I remember one time, my adversary and I thought we could outwit her, and we "made friends" quietly and worriedly as we waited by the blackboard where Miss Bland kept her long-distance missiles (otherwise known as chalks and erasers, objects which frequently found--and left!--their mark on student foreheads).

When Miss Bland finally turned to us to mete out punishment, we told her it was all over, and we had already said sorry to each other.

"Good!" she told us, and then whacked our heads soundly together anyway, leaving a ringing in our ears that lasted all through playtime.

Don't get me wrong. I'm not advocating the whacking of children, but I'm starting to wonder about the whacking of politicians...

Picture of Harry Reid and John Boehner:
By JIM KUHNHENN. Featured in Huffington Post article "John Boehner, Harry Reid Debt Ceiling Plans Create Stalemate In Congress."

Tuesday, March 1, 2011

Veggie Delight

I recently joined a local community garden and am growing my own organic leek and potato soup. Fun times watching my garden grow, working in the dirt at sundown alongside the pro's, learning about the beneficial effects of mulching, dried molasses and worm poop.

Pop by around June and the soup should be just about ready. I wonder whether the loving care lavished on each individual leek slip over the weeks and months to come will translate into taste... My mum told me recently, "You do know they won't come out looking like soup, don't you, dear?" Yes, mum!

Gardening, it seems to me, is rather like fishing or dry stone walling. It's only partly about the activity itself, and only distantly related to the end result. Mostly, it's about having a reason to be out in the open, enjoying the moments as they tick by more slowly than they do in other places...

"Garden as though you will live forever." (William Kent)

Monday, February 14, 2011

♥ Happy Valentine's Day ♥

I almost stopped my car in the middle of the road and cheered today when I heard this interview with Matthew Alexander on NPR. Alexander and his team were responsible for the capture of two major figures in the leadership of al-Qaida, one of them the notorious Abu Musab al-Zarqawi. Given the rhetoric we so often hear on popular news channels, you'd be forgiven for thinking this guy would be all about the end justifying the means. But think again. The words that almost got me a ticket today: "I don't care if torture works a hundred percent of the time. I'm not going to use it because it goes against the very principles that I signed up to defend." I received some fun messages and delightful adjectives on this romantic day of days, but Alexander's was the one that made my heart sing.

"Well, I won't be one to tell you that torture never works. I've had friends who have given me examples of when torture did work, but I don't care because to me this isn't about efficacy. We have other things that work a hundred percent of the time like chemical weapons and flamethrowers. We don't use them.

"And the reason we don't use them isn't an efficacy argument, it's because it's against our morality, or because the laws of war have determined that they cause unnecessary human suffering, and we've outlawed them. And there's no exceptions to that.

"I think my big disappointment is the shift in priorities from an America that stands for principles to an America that stands for security. My oath of office, when I took it as an officer in the United States military, didn't mention security. It mentioned allegiance and defending the Constitution, which prohibited torture when we ratified the convention against torture and other provisions within the Constitution."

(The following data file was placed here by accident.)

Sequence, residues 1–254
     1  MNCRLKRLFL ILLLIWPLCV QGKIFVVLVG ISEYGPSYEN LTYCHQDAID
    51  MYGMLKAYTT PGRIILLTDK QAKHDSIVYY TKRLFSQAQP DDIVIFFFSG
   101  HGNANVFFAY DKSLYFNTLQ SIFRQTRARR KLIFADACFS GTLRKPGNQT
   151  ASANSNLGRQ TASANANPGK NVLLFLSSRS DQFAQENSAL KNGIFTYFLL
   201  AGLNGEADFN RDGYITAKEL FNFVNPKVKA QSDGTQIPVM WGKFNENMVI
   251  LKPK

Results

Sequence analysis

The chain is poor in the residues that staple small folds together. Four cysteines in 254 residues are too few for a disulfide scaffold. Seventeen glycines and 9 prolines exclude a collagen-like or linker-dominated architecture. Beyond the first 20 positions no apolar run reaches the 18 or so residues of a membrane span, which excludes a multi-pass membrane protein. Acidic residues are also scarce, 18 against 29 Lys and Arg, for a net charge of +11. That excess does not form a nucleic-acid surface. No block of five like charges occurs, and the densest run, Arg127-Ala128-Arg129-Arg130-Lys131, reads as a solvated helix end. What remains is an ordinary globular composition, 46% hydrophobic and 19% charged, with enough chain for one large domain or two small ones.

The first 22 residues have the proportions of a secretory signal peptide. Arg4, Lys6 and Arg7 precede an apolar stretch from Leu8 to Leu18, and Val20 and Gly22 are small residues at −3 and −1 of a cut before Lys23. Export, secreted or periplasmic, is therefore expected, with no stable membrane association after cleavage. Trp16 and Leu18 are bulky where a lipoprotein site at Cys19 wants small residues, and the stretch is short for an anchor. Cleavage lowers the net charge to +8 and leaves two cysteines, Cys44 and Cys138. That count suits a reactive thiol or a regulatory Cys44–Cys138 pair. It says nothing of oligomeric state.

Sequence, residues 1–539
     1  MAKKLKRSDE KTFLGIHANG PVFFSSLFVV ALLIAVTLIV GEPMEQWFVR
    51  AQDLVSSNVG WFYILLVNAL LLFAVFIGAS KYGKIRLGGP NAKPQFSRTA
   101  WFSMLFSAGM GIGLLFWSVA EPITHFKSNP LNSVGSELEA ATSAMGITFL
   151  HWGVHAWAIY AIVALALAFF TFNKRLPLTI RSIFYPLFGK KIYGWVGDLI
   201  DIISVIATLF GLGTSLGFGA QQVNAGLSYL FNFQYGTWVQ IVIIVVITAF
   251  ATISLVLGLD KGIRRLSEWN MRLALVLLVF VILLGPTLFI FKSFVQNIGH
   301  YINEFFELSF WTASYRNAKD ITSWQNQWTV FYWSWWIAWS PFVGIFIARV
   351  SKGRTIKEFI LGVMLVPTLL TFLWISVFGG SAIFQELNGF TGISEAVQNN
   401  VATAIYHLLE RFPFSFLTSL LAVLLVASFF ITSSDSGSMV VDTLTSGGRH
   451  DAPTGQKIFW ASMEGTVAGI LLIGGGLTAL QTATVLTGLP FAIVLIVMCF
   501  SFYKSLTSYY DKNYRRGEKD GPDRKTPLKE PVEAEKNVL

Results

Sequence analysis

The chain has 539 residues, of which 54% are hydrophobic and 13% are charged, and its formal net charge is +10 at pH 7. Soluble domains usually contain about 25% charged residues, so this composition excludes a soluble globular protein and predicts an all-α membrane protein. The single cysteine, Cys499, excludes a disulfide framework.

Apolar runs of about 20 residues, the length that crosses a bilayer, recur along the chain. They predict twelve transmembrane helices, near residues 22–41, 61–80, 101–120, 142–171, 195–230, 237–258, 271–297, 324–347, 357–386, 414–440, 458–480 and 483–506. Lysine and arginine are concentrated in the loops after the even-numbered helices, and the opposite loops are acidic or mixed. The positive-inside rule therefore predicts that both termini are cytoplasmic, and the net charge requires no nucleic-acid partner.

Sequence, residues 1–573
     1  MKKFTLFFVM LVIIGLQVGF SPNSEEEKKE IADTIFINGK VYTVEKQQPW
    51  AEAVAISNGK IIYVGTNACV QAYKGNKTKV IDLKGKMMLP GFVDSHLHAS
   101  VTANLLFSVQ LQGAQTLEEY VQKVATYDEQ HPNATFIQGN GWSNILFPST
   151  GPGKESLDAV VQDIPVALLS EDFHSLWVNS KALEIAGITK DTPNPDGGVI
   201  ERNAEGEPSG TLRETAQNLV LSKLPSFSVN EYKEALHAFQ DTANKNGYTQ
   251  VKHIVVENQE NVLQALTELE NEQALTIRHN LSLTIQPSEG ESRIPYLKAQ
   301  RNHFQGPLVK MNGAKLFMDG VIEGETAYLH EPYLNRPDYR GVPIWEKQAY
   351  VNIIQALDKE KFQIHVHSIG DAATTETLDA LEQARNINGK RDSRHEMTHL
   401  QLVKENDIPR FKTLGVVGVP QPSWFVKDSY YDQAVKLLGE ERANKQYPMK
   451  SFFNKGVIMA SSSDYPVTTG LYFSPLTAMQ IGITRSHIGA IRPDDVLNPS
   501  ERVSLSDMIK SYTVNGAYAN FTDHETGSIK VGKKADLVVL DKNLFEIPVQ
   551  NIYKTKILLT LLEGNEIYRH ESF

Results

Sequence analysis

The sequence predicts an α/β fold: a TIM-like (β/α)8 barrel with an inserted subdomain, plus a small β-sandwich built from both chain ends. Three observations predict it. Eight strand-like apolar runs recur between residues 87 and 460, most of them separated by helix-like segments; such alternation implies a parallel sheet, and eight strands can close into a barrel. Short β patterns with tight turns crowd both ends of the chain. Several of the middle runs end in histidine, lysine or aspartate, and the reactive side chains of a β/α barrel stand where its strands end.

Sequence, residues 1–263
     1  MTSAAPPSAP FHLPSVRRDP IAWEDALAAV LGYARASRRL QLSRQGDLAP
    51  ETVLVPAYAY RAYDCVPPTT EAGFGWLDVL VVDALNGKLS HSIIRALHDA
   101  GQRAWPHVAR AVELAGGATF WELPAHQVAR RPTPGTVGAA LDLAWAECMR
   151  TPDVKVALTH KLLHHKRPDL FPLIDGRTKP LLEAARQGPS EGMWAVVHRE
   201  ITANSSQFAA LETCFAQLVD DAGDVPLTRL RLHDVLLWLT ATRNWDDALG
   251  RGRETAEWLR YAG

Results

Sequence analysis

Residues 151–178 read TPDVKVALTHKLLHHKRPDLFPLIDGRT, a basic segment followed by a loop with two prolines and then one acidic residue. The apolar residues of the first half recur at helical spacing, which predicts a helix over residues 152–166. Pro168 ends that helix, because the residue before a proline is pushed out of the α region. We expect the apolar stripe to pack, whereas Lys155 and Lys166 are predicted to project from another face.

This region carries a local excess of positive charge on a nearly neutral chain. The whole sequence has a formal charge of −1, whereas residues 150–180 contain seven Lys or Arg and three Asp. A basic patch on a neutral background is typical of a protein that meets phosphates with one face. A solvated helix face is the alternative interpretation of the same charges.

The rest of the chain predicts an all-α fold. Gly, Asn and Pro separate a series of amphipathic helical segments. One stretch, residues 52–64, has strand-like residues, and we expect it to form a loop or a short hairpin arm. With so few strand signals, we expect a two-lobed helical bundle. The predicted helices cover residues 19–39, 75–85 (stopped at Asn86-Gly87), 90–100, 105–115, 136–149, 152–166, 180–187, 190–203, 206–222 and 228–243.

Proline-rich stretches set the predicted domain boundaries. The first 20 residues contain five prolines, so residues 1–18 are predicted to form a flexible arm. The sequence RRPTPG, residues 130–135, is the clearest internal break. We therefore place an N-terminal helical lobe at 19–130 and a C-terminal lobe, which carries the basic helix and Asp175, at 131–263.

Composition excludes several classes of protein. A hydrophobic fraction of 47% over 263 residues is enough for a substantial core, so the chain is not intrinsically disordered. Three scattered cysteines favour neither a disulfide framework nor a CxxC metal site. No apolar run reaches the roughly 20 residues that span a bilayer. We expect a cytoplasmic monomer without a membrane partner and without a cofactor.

You can buy the book here. Thank you, Mr Alexander, you made my Valentines Day! ♥

courtesy of St. Martin's Press and via NPR.)

Friday, February 4, 2011

On cats, cars, snow, and Super Sissies

Crazy weather and football fever hit Dallas together this week. Schools and colleges were closed Tuesday through Friday as ice and later snow brought the metroplex to its knees as it was gearing up to host Sunday's Super Bowl.

The cat that lives on our porch has been having a chilly time of it. After weeks of refusing all approaches and offers of food, it condescended to accept a blanket yesterday but is otherwise unmoved. Apparently, those big macho footballers in town for the Super Bowl are not quite as hardy as SuperCat. Playing outdoors at SMU was just too much for them to face, poor things! "It's a little too cold for me," linebacker Clay Matthews said (ESPN). Oh please!

Mind you, I'm staying indoors today after yesterday's little adventure saw me skidding down a hill, bouncing off curbs, and spinning 180 degrees before sliding to a stop facing oncoming traffic--I was narrowly missed by a truck behind me that also lost control but managed to slip past me onto the sidewalk. I've about had it with automatics. This wouldn't happen with proper cars with gear sticks!

Meanwhile, anyone else have a problem with the fact that bad weather and rolling blackouts meant two hospitals lost power this week but the stadium for the Superbowl was kept at a balmy 72 degrees?

Monday, January 17, 2011

Are you listening?

Enjoy your day off, but don't forget where it came from. Following a week which brought "a high volume of hypercharged rhetoric over whether hypercharged rhetoric contributed to last Saturday's shootings in Tucson, Ariz" (Linton Weeks, NPR), a reminder of Dr. King's dream seems not only appropriate but desperately needed.

"Let us not seek to satisfy our thirst for freedom by drinking from the cup of bitterness and hatred. We must forever conduct our struggle on the high plane of dignity and discipline." Thank you for your life and legacy, Dr. King. I hope enough of us are still listening...